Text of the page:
Many studies have shown that subjects are faster at categorizing objects into "basic" concepts than into more general superordinate concepts. However, all of these studies have used a categorization task in which single, isolated objects are identified. There is good reason to believe that superordinate concepts are typically used to refer to collections of objects rather than to individual objects. For example, people more often use the term furniture to refer to a number of pieces of furniture rather than to name a single piece. This suggests that superordinate concepts include information about multiple objects and their common relations, particularly the typical scenes in which such objects appear. Four experiments examined this possibility by investigating whether the basic concept advantage will decrease or reverse itself when subjects are asked to catergorize an object as part of a scene. The results showed that the basic-superordinate difference did decrease when subjects categorized objects in scenes. Furthermore, when an object was placed in an inappropriate scene, there was more interference for superordinate identifications. The results suggest qualitative differences in the representations of superordinate and basic concepts.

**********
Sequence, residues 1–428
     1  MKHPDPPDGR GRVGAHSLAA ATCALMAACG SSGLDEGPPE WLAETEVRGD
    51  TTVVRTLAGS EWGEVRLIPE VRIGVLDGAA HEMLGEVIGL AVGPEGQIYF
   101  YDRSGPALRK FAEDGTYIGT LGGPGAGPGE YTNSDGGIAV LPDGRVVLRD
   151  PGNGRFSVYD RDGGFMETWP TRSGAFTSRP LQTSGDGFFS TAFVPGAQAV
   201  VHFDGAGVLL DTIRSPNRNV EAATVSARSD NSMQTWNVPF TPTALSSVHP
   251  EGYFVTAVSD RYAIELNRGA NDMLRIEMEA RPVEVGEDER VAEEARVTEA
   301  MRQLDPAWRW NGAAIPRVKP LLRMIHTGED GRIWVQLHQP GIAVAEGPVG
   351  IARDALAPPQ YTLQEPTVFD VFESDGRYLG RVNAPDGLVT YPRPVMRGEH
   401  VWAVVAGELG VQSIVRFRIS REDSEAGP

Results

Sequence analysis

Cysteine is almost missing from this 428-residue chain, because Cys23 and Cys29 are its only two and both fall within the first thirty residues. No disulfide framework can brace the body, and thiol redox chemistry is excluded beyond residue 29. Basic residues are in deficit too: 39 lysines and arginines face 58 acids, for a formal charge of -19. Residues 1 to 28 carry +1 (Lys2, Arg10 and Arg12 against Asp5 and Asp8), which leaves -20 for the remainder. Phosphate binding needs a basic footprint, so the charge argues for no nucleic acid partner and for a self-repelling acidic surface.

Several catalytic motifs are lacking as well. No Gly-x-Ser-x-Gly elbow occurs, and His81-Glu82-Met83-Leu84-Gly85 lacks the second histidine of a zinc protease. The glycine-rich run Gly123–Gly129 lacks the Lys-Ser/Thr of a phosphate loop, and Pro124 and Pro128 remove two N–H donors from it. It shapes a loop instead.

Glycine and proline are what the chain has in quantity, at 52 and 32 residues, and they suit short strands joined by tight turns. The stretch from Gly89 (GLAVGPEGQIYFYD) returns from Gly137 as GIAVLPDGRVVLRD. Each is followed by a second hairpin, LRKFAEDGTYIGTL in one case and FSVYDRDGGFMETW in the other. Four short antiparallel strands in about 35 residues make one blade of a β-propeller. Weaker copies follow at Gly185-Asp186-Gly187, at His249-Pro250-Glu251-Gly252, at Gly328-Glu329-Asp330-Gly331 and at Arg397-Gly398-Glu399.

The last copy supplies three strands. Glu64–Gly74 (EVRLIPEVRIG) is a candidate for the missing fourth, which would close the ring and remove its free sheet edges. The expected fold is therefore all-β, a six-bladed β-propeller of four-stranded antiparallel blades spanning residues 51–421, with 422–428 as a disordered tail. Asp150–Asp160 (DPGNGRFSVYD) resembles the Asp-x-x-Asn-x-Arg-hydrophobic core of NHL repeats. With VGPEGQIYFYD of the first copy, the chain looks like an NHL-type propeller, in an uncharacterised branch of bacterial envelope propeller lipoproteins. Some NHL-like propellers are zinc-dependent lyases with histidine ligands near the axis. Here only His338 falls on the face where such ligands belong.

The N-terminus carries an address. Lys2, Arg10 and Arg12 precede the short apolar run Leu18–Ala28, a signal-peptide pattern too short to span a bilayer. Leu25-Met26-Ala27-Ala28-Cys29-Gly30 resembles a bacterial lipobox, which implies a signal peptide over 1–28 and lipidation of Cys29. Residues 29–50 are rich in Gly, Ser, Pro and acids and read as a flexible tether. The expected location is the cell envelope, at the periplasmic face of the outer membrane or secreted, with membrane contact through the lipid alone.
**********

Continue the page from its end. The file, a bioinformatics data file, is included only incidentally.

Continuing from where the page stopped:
|Number of pages
|Journal of Experimental Psychology: Learning, Memory, and Cognition
|Published - Jul 1989
ASJC Scopus subject areas
- Language and Linguistics
- Experimental and Cognitive Psychology
- Linguistics and Language